15. mljdeckard

    mljdeckard Member

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    Ask yourself this. When you have a mixed load, with the weak rounds first, and you need to use that gun against a deadly threat who is trying to kill you, will it seem like a good idea THEN?

    Don't split hairs. Deadly force is deadly force. Not; "I will shoot through my first couple of rounds to GET TO the deadly force." If a dog is enough of a threat that you need to shoot it, you don't want to be shooting it with birdshot.
     
  16. ATBackPackin

    ATBackPackin Member

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    We plan for the worst, not the best.
     
  17. Pilot

    Pilot Member

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    Why a snubby? Is concealment an issue? I'd rather have a longer barrel, at least three and a half to four inches, and more capacity, even a single stack 9MM with nine rounds is better than five. I'm also not a fan of shot shells. However, you may also want to consider a few non-lethal measures for the dogs. A walking stick, and pepper spray would be a good dog deterrent. Shooting dogs may get you into some legal hassles.
     
  18. Davek1977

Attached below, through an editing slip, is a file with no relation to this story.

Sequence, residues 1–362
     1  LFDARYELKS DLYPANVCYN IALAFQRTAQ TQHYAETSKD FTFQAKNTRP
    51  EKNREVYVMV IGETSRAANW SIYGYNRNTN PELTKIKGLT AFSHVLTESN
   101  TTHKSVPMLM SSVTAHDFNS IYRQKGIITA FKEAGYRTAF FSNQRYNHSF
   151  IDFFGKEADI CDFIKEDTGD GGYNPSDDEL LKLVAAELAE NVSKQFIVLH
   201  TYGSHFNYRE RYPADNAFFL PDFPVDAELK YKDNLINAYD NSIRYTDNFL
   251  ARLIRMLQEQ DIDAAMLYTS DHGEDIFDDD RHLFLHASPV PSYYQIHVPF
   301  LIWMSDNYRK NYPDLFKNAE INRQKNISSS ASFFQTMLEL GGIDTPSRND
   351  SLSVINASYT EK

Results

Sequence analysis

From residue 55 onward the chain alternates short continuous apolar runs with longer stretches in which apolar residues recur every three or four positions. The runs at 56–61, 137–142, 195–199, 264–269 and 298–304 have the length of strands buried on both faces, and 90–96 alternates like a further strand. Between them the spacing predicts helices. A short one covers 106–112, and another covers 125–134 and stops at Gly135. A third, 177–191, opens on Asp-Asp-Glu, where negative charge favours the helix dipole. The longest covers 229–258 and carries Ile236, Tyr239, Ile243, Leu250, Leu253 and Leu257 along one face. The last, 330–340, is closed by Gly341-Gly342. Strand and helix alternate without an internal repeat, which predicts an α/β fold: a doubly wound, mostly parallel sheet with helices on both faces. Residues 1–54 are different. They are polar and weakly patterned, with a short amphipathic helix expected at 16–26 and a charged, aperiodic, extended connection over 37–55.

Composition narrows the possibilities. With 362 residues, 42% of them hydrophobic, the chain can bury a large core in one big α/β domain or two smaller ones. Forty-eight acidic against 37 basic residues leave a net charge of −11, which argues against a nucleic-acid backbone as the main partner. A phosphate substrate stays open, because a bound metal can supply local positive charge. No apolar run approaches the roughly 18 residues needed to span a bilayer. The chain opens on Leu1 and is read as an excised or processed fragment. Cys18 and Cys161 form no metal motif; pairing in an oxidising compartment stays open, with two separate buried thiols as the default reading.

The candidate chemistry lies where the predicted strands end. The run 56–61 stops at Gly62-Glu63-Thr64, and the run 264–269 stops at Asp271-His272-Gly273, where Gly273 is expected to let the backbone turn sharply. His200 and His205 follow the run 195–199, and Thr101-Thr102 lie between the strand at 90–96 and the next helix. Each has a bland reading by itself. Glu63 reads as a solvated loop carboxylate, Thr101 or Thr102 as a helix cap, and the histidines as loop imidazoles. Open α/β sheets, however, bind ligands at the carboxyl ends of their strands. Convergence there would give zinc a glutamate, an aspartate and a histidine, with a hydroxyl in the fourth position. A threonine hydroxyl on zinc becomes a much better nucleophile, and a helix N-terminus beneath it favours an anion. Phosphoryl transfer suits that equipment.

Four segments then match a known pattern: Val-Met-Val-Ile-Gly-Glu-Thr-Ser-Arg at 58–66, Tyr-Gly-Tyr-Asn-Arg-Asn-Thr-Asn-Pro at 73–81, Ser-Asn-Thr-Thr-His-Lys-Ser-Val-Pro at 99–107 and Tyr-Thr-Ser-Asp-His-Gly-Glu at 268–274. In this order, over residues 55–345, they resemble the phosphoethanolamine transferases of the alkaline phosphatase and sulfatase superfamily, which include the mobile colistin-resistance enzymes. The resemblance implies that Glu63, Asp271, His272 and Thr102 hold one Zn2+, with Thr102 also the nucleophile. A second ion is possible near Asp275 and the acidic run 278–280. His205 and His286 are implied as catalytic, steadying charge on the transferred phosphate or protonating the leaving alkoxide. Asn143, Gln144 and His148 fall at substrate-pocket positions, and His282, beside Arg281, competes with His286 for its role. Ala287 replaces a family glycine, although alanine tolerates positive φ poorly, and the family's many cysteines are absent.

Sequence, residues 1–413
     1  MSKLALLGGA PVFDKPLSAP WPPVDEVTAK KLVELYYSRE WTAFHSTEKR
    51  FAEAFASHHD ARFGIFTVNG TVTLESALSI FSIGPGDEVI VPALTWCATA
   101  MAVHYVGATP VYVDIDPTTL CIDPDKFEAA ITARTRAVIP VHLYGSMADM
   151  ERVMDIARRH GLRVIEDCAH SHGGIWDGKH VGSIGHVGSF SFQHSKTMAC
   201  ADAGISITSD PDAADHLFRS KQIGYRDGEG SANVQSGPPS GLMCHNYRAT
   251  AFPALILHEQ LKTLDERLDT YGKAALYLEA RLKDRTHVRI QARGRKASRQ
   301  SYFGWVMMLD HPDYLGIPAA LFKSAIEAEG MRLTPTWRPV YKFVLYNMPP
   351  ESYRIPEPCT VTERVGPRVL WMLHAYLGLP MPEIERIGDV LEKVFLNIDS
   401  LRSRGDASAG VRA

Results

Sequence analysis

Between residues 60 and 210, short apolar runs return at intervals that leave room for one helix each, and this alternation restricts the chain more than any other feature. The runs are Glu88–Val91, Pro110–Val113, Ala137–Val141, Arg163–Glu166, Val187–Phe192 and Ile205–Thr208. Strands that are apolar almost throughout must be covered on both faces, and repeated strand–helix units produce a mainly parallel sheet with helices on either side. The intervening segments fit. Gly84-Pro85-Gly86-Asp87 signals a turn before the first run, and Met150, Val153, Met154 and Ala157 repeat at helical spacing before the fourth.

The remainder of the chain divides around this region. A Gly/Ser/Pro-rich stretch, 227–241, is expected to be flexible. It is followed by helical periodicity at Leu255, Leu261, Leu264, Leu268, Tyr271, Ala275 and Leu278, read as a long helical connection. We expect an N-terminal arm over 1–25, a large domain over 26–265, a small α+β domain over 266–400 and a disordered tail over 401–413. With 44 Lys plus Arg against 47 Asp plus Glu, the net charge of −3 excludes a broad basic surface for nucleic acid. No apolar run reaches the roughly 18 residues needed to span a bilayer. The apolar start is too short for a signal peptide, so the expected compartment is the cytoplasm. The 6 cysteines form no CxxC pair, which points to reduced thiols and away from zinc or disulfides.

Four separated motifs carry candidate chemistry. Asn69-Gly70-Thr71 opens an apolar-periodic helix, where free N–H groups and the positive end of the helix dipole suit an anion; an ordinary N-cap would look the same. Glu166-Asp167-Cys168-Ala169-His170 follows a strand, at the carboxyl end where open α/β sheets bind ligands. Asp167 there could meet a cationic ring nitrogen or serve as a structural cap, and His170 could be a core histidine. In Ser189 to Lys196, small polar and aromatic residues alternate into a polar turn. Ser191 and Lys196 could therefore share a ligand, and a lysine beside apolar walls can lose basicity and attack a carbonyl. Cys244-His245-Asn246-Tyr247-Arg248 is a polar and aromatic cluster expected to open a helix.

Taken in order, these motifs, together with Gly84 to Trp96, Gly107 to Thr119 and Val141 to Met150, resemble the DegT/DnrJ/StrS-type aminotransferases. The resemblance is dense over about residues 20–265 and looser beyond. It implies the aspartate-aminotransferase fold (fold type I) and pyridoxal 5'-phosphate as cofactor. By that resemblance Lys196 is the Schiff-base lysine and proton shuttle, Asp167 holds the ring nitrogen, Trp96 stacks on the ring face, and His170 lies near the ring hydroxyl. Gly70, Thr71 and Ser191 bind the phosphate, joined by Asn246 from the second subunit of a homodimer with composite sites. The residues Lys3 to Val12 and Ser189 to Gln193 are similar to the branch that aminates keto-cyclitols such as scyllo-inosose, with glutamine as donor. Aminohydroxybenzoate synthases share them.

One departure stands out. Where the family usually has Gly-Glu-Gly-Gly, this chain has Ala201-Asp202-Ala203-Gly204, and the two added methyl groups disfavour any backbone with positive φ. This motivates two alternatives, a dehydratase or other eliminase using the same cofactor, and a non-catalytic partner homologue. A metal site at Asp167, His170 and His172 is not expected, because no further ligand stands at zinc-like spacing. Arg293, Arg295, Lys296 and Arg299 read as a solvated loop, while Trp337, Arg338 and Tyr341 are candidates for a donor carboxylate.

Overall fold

Davek1977 Member

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    ASk yourself this....are you 100% comfortable with having 3 shots to resolve whatever the issue may be? The shotshells are quite likely non-lethal. That leaves 3 rounds...only availble after firing two others.....to deal with whatever threat it is you are facing. I'm not comfortable with that. Three rounds may be enough....but if it isn't? What if 5 would have been? I personally want every shot to have the potential of being lethal. I don't want to have to think about which chamber is next to be fired, shotshell or jhp. I want one load I have confidence in filling my mag or cylinder, not 3 rounds of SD ammo behind a couple of rounds meant for pests. I want my defensive firearm to perform the same way, shot after shot, instead of worrying about what may happen if I decide to load shotshells for the first few rounds.